For years Gene McAvoy kept a dark blue suit jacket on a hook behind the door in his Extension office. He wore it to farmers’ funerals.
He considered attending funerals a gesture of respect. It was also yet another place to talk to other farmers.
Gene called his job as University of Florida Institute of Food and Agricultural Sciences Hendry County Extension director a “lifestyle.” Home is a Farm Bureau-insured 40-acre ranch. Nights and weekends are at county board meetings where he serves as treasurer, District 8 meetings, Young Farmer and Rancher events, state Vegetable Advisory Committee meetings and special events such as the Sweet Corn Fiesta at which he represents Farm Bureau.
In a sense, the Farm Bureau honors one of its own in recognizing Gene as Extension professional of the year at the annual convention in Orlando this month. It’s hard to think of an Extension agent for whom this would be more meaningful.
The award ceremony and convention are yet another chance for him to talk with farmers from all over the state. Not only that, but Gene usually attends the convention anyway at this own expense, and the award comes with a free night’s hotel stay!
When he’s not with farmers and ranchers, he’s communicating to them or for them. For more than two decades, Gene has run the South Florida Veg Hotline, which started as a printed newsletter and evolved into an electronic message that gets sent out almost daily. It’s got regulatory information, label changes, industry trends, new technology and more.
Then there’s his Pest-of-the-Month column. Unfortunately, he’s never had a shortage of subjects to write about.
Equally important is his work speaking to people other than you – people who don’t live or work on farms. He tells the story of agriculture one small group at a time.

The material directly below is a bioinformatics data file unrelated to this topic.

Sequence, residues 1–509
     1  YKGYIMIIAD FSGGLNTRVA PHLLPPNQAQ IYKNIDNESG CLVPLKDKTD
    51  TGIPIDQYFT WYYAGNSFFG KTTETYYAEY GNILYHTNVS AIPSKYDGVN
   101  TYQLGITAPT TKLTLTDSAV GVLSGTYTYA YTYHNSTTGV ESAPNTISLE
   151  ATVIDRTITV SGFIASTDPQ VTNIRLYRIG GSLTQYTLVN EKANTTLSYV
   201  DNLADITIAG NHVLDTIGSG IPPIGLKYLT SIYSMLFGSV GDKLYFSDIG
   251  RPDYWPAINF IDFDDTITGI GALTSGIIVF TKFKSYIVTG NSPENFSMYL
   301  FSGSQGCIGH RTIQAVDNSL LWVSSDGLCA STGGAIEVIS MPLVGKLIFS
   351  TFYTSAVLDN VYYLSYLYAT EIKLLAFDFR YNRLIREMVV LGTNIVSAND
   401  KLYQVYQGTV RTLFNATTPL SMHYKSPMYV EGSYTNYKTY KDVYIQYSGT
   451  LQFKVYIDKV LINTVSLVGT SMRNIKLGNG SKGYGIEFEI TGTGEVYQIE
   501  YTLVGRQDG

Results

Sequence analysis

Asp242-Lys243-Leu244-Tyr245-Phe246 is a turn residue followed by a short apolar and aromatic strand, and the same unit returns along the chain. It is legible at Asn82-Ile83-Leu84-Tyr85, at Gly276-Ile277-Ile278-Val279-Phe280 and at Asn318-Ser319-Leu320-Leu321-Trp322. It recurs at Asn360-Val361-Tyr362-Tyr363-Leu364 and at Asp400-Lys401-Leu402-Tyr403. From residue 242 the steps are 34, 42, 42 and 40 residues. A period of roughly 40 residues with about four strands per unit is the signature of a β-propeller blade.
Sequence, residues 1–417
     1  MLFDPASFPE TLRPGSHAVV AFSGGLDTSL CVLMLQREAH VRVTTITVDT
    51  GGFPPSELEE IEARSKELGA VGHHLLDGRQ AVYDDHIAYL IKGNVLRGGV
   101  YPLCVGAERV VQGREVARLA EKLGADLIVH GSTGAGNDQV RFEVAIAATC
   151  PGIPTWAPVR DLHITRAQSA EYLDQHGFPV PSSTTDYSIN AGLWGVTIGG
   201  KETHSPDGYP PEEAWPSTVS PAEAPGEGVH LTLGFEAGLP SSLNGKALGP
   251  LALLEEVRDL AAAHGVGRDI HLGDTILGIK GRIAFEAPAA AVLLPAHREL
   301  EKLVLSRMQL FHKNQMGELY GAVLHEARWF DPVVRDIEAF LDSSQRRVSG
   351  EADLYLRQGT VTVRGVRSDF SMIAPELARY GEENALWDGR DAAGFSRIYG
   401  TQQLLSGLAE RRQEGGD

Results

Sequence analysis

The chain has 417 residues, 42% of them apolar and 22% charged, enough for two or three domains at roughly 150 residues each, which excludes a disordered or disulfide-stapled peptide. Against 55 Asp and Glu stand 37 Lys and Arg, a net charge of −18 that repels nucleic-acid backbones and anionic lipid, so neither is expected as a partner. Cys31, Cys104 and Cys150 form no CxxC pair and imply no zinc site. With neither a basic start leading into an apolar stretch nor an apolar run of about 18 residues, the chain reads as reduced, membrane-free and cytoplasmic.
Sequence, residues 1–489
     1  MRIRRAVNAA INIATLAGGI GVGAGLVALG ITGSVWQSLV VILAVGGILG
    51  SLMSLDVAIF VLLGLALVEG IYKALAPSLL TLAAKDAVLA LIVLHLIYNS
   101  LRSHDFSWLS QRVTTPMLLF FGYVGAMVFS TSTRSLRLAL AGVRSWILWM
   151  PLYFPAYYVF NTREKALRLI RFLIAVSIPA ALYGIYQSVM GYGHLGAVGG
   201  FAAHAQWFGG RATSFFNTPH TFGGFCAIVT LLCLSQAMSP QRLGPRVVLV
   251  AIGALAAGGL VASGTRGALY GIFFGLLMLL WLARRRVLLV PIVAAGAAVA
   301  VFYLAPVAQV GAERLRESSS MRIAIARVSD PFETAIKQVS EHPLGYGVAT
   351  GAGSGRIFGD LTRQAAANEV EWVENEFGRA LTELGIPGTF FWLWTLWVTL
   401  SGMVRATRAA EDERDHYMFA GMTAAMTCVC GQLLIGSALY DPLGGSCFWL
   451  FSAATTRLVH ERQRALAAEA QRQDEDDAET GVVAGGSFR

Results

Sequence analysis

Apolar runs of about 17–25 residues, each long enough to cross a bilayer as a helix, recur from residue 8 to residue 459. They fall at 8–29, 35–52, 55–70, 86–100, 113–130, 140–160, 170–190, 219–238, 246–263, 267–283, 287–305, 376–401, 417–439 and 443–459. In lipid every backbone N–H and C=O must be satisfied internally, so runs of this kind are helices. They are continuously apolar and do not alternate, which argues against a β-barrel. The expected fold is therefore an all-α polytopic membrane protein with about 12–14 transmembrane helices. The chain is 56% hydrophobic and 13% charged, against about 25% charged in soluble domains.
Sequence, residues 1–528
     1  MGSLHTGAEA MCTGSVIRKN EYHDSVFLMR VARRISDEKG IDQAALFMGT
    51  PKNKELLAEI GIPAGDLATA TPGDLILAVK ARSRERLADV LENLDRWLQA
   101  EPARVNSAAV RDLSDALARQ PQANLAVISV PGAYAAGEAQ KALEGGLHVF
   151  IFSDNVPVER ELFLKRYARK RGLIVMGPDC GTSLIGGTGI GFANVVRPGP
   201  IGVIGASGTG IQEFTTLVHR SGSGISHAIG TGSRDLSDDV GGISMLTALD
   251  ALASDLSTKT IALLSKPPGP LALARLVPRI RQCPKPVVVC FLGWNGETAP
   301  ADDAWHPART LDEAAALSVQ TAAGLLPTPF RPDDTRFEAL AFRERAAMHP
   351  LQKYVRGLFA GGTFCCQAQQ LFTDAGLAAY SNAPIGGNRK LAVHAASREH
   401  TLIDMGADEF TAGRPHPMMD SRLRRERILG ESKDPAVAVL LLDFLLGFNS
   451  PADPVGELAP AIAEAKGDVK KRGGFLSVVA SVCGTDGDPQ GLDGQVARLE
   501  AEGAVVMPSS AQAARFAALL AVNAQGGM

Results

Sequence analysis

Sometimes he’s telling nursing students to put away their preconceived notion of farm workers being poisoned by pesticides and instead to look out for heat exhaustion, back strains or branches poking them in the eyes as they reach for fruit on branches. Other times, he’s showing legislators how what they do in Tallahassee affects the fields and groves of LaBelle.
He has shown Audubon groups farmland that doubles as valuable habitat to birds. He reads agriculture-related stories aloud in elementary school classrooms. He takes winter visitors on all-day tours of farm country, with stops at citrus groves, sugarcane fields, vegetable farms and packing houses.
Gene knows the value of showing up. It expresses solidarity with the business. It’s a way to learn what’s important to farmers. It’s a way to make sure what you’re doing is relevant.
That was certainly the case when he was among the first to show up at wind- and rain-ravaged farms in the wake of Hurricane Irma. His firsthand accounts of what he saw helped farmers make the case for disaster relief.
The respect he has shown farmers was reflected back on him when he retired from his Extension job in August. More than 200 people came to the LaBelle Civic Center for his retirement party.
He didn’t stay retired long. I’ve appointed him associate director for stakeholder relations at the UF/IFAS Southwest Florida Research and Education Center in Immokalee. This summer he became president of the National Association of County Agricultural Agents.
In retirement Gene’s job title has changed. His lifestyle is unlikely to change much at all. He’ll continue to serve as treasurer for the Hendry County Farm Bureau. You’ll still see him in Orlando, LaBelle and Immokalee. Please congratulate him when you do.
Jack Payne is the University of Florida’s senior vice president for agriculture and natural resources and leader of the Institute of Food and Agricultural Sciences.